Care is taken in both groups that all staff are informed about the relevance of intermittent hypoxemia and hyperoxemia and trained to execute prudent and careful RMC of FiO2. This training may include a standard operating procedure for RMC, where the speed of increase/decrease in FiO2 depends on the magnitude of deviation from the SpO2 target range as previously described [23, 24].
The intervention should start as soon as possible after randomization and within 48 h after birth. The scheduled end of the study intervention is any of the following (whichever comes first):
discharge home from hospital
transfer to another hospital where FiO2-C is not available (whereas such transfer is discouraged)
a PMA of 36 + 0/7 weeks
final discontinuation of positive pressure respiratory support, which does not include limited periods without positive pressure support for weaning.
If the infant requires positive pressure respiratory support again for any reason, the infant should again be supported by FiO
-C (provided a device supporting FiO
-C is available) until (other) criteria for scheduled end of study intervention are met.
a PMA of > 32 + 0/7 weeks provided the following two additional criteria of respiratory stability are both met:
◦ A) FiO2 = 0.21 for ≥48 h (for this criterion limited time periods with higher FiO2 for rescue or for recovery of intermittent hypoxemia will not be considered)
If criteria A) or B) are no longer met, the infant should again be supported by the FiO
-C device until (other) criteria for scheduled end of study intervention are met.
If the infant is re-admitted to intensive care, the infant should again be supported by FiO
-C (provided a device supporting FiO
-C is available) until (other) criteria for scheduled end of study intervention are met.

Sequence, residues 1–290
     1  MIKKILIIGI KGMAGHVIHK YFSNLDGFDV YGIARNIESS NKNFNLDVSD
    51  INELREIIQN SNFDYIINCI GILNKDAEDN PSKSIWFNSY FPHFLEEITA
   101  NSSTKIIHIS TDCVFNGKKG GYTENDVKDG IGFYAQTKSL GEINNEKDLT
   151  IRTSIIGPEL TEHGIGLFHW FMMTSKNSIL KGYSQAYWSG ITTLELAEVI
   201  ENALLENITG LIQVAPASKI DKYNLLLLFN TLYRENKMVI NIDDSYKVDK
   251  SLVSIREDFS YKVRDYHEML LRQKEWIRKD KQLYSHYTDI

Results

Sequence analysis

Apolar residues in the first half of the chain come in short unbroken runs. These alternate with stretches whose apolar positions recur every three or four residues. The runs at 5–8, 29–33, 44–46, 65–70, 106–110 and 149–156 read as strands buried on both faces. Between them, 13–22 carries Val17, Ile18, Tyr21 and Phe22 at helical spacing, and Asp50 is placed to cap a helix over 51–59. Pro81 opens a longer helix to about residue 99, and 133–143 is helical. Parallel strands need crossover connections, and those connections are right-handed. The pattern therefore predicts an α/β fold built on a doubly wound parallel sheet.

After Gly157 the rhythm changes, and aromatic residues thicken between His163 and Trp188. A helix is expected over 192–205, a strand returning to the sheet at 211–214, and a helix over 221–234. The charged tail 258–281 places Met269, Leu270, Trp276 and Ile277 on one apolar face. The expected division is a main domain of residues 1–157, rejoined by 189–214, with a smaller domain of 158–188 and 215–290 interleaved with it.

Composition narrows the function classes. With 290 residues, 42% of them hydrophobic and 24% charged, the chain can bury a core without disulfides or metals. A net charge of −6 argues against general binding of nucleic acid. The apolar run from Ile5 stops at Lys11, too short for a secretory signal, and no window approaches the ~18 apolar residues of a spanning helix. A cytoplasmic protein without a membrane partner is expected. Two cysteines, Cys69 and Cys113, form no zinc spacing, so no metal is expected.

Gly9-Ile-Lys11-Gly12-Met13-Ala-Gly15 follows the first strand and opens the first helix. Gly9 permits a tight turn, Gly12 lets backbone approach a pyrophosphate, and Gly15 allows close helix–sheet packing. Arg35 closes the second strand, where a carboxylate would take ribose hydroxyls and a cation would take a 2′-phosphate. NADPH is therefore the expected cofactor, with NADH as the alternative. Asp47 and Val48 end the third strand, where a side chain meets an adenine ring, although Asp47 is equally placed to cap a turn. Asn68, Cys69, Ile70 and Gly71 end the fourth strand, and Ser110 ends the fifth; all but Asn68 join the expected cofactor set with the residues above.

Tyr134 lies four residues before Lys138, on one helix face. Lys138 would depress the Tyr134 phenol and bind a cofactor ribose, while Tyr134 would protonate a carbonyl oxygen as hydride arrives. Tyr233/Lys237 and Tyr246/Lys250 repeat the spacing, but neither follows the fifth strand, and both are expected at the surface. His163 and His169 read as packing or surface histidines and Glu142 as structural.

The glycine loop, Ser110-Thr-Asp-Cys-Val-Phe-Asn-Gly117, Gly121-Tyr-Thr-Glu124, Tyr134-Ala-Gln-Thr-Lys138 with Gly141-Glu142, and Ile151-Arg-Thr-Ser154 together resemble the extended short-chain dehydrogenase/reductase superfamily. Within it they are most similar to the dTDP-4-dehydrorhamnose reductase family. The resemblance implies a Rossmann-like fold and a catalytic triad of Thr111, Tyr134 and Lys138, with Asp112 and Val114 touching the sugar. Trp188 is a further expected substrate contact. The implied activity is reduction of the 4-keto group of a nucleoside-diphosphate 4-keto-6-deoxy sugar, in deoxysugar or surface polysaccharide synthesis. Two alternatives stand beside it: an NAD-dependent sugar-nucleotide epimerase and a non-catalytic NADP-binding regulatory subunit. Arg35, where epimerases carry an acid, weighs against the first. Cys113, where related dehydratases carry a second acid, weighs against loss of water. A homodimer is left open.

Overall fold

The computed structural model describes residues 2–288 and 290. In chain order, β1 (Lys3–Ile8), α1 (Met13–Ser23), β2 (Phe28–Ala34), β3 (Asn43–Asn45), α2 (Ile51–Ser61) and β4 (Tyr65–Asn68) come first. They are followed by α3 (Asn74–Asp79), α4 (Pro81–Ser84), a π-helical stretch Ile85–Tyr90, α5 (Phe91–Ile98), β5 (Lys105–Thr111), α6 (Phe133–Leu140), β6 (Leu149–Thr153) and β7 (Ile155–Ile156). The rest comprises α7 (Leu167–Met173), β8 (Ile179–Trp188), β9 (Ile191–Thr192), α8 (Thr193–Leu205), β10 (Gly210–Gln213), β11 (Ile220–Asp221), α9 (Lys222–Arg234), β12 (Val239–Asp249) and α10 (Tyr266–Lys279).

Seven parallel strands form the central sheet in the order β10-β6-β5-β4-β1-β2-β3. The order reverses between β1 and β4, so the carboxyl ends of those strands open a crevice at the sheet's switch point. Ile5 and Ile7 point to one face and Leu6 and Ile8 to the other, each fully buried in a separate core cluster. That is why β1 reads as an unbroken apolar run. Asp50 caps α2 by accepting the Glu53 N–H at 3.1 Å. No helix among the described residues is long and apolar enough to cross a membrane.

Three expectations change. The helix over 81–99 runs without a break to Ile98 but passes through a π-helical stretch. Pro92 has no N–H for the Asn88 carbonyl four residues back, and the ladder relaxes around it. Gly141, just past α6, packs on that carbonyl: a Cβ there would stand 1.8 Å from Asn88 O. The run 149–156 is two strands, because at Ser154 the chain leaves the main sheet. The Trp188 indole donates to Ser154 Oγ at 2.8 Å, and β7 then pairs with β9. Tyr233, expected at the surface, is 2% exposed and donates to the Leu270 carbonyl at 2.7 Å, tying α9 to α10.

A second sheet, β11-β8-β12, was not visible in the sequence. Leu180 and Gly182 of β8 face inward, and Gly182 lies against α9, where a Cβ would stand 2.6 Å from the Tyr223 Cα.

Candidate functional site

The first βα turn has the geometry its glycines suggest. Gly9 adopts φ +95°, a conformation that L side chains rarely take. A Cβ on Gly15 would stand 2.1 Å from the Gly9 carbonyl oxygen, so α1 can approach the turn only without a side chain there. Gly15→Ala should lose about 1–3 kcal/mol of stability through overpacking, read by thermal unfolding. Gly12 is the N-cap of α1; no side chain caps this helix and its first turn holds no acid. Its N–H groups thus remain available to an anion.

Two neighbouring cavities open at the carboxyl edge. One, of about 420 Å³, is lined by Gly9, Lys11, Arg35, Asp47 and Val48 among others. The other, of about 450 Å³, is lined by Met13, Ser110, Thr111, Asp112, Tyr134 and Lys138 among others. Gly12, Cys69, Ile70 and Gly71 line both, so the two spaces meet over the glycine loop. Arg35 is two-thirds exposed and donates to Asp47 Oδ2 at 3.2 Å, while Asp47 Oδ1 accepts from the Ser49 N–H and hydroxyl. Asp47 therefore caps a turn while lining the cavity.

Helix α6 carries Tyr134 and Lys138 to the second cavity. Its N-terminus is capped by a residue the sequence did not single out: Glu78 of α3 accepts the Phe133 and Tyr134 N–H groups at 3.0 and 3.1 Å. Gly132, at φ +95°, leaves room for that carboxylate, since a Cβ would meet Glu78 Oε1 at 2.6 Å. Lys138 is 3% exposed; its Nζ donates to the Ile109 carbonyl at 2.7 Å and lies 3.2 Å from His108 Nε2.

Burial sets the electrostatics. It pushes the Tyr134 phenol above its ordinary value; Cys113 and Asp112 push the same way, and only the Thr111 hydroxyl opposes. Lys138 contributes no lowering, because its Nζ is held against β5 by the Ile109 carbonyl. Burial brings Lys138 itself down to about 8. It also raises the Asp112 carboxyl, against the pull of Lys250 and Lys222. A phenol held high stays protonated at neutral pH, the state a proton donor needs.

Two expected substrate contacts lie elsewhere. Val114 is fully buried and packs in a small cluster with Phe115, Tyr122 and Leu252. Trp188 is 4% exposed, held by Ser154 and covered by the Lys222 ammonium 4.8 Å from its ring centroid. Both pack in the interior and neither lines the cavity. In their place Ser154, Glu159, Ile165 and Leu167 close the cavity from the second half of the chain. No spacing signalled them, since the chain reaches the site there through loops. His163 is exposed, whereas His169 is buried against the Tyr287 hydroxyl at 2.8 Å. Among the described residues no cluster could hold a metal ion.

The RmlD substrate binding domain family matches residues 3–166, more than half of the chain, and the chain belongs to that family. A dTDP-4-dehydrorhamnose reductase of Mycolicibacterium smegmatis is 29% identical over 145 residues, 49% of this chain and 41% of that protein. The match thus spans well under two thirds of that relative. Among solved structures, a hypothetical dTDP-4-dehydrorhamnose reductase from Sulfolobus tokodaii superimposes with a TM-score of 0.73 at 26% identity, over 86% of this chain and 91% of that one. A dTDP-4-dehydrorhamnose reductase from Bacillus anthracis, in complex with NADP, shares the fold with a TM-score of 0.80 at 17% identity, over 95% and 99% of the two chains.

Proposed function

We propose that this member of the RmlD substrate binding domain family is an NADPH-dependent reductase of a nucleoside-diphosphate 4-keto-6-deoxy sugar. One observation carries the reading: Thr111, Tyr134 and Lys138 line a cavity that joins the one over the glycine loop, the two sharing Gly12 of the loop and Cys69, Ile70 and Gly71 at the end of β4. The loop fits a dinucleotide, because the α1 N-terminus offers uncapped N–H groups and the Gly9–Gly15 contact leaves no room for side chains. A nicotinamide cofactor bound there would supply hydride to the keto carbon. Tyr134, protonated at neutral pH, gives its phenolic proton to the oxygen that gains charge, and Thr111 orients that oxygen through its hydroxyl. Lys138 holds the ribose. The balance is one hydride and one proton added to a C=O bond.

After the end of the study intervention, all study participants will be treated according to the state of the art care and local standards without further requirements or restrictions.
Concomitant interventions and medication
Any concomitant medication that is clinically considered necessary for the patient will be allowed within the study, except for the control group, where closed-loop automatic control of FiO2 or any other automatic control of airway pressure/respiratory support etc. based on SpO2 or other vital signals are not allowed.
SpO2 measurements to guide FiO2-C
All FiO2-Controllers should be based on SpO2-data generated by the same pulse oximeter technology (Masimo). In general, pre-ductal SpO2-sensor placement is preferred to guide FiO2-C as long as echocardiography demonstrates a patent ductus arteriosus.
SpO2-targets and alarm settings
The SpO2-target range selected by a center for clinical routine has to fulfill the following criteria:
Study centers need to have a written guideline on SpO2-target range to ensure that the same SpO2-target range is applied in both study groups
The SpO2-target has to be within the range of 87–95% (may include 87% and/or 95%),
Care has to be taken that the same SpO2-target ranges are applied in clinical routine and in both study groups
Documentation of the study intervention
In both study groups, the type of respiratory support, the type of ventilator and the application of FiO2-C have to be documented daily during the intervention period on a treatment log.
The primary outcome measure is a composite of death, BPD or NEC assessed at 36 weeks PMA and severe ROP assessed when full vascularization of the retina is documented.
Definitions of components of the primary outcome
Defined as any ROP stage 3 or higher, or acute posterior ROP, or any ROP in Zone 1, or any treatment for ROP. ROP will be diagnosed at routine ophthalmological examinations, beginning at a PMA of 32 weeks according to international recommendations and local standards until complete vascularization of the retina . The severity of ROP will be graded according to the international classification .
Defined as requiring positive pressure support or supplemental oxygen at 36 weeks ±2 days PMA, including an oxygen reduction test for infants requiring less than 0.3 FiO2, representing ‘moderate’ or ‘severe’ BPD according to the National Institute of Child Health and Development consensus definition .